7. The system of claim 1, wherein said at least one inflatable body comprises any number of inflatable bodies having a total inflated volume which is approximately 2 to 40 ml greater than a total deflated volume thereof such that it is suitable for use in infants.
8. The system of claim 1, wherein said at least one inflatable body comprises any number of inflatable bodies having a total inflated volume which is approximately 2 to 4 ml greater than a total deflated volume thereof for each Kg of mass of said patient.
9. The system of claim 1, wherein said mouthpiece is adjustable to fit said mouth of said patient.
10. The system of claim 9, further comprising a mechanism for facilitating inflation of said mouthpiece.
11. The system of claim 1, further comprising a mechanism for seating between said mouthpiece and lips of said patient, such that airflow between said lips and said mouthpiece is diminished.
12. The system of claim 1, further comprising a chin holder having a first end which is capable of engaging a chin of said patient and a second end which is connectable to the device.
13. The system of claim 1, wherein said breathing tube passes through said mouthpiece.
14. The system of claim 1, further comprising at least one retaining piece for holding the device in place.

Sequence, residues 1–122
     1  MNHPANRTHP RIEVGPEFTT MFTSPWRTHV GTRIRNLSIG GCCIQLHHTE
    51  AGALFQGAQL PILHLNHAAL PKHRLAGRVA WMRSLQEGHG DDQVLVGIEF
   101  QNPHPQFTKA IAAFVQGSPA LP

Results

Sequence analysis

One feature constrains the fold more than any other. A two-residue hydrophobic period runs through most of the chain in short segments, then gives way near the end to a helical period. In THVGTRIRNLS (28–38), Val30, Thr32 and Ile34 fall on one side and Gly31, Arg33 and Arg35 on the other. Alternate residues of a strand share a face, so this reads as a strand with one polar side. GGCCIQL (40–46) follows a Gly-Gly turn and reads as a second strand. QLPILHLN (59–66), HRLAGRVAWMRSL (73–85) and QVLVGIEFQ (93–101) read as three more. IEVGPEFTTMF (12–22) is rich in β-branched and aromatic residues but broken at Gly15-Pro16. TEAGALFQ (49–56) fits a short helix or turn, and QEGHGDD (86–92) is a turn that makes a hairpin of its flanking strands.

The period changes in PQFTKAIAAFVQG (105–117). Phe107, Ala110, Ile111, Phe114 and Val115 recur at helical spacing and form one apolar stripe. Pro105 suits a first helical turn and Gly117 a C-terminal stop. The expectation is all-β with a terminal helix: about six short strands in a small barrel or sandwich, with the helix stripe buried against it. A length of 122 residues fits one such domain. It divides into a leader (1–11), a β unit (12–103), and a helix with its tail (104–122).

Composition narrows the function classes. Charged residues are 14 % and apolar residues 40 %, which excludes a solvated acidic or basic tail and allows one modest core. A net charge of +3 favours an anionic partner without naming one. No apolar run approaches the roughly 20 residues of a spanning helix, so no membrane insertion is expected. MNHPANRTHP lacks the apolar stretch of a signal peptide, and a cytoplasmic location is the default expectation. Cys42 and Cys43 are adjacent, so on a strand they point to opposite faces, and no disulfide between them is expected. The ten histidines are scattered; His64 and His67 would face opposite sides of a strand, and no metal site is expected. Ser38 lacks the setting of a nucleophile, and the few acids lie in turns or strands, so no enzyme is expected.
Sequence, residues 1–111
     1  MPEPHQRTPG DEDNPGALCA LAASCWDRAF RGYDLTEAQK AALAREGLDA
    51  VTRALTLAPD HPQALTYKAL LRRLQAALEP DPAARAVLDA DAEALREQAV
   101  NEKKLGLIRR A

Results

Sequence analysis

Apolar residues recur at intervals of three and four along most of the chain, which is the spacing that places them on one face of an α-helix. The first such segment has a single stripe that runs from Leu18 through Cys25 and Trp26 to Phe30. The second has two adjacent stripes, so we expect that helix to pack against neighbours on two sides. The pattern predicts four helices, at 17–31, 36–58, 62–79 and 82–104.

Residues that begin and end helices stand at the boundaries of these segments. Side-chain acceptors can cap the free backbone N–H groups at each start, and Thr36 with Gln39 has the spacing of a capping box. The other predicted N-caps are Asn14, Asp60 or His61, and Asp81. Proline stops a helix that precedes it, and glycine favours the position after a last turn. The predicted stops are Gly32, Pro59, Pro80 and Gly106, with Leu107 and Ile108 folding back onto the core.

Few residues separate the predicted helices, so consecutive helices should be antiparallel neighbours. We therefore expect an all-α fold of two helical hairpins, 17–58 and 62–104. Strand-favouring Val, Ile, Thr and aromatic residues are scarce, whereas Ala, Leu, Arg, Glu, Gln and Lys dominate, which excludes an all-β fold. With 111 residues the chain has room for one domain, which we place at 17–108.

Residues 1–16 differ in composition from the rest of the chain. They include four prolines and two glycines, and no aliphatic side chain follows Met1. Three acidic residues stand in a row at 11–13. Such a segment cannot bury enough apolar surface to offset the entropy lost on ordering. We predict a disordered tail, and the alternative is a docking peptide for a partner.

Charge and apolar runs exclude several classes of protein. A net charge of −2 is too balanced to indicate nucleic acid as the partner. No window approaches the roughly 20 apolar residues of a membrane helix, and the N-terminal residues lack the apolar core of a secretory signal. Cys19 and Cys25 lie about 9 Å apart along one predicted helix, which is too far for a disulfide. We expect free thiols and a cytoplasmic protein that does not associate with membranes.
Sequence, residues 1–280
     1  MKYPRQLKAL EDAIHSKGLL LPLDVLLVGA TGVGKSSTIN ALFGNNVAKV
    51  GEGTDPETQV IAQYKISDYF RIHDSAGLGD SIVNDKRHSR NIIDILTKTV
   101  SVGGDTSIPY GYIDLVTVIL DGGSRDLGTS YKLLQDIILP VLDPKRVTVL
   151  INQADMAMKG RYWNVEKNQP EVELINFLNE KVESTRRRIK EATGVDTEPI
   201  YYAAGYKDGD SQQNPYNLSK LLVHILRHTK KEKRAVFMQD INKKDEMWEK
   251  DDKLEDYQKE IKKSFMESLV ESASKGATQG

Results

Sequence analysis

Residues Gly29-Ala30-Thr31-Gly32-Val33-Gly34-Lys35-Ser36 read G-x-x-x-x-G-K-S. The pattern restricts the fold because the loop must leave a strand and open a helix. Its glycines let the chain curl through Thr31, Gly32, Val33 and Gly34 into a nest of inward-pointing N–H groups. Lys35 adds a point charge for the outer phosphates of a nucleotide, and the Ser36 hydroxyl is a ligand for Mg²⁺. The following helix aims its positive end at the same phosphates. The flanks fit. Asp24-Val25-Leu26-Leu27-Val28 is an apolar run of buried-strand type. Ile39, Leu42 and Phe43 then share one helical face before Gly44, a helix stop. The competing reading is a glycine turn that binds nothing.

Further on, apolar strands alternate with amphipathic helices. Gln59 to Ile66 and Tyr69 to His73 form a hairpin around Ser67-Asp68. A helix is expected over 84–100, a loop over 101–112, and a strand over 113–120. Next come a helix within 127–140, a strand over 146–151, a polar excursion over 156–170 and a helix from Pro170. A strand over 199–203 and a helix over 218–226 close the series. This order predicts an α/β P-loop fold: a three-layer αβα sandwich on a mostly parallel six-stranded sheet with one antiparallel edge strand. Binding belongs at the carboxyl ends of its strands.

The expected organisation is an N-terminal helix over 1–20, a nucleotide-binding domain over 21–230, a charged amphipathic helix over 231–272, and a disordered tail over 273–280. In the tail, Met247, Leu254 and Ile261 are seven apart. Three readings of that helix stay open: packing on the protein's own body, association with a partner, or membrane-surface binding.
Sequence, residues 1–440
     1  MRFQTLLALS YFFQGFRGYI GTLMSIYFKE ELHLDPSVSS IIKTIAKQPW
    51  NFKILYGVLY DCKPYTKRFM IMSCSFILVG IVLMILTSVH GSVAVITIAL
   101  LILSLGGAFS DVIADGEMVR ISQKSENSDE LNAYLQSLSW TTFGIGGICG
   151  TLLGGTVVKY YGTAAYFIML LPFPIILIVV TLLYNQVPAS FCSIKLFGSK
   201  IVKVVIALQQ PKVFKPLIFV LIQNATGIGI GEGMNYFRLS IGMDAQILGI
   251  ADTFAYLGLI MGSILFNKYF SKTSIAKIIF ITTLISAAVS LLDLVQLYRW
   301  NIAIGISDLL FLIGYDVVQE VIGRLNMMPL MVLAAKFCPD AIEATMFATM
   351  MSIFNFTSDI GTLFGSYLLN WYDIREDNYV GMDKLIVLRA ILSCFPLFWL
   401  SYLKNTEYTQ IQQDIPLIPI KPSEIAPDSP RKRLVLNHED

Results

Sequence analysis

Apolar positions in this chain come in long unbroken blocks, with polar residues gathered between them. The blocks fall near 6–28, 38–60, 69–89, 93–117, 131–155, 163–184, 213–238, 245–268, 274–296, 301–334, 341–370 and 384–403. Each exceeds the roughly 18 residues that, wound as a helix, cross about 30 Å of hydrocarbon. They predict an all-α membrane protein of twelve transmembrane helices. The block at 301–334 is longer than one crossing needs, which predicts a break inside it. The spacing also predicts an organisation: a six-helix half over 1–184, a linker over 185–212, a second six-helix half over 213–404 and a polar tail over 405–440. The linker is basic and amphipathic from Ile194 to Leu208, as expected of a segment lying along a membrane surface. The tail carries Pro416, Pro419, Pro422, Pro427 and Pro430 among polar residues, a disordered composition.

15. The system of claim 14, wherein said at least one retaining piece includes at least one item selected from the group consisting of at least one strap, at least one elastic band, at least one piece of Velcro™ and a pair of protrusions which engage the ears of said patient.
16. The system of claim 1, further comprising a filter in said breathing tube, said filter designed and constructed to prevent the entry of foreign bodies thereto.
17. The system of claim 1, wherein said breathing disorder is selected from the group consisting of obstructive sleep apnea, apnea of infancy, and sudden infant death syndrome.
18. An improved method of preventing a breathing disorder by means of CPAP, the method comprising the steps of:
(a) inserting a mouthpiece in a mouth of a patient;
(b) allowing inhaled air to flow through at least one bi-directional pressure sensitive valve contained within a breathing tube connecting between an outside environment and an interior of said mouth;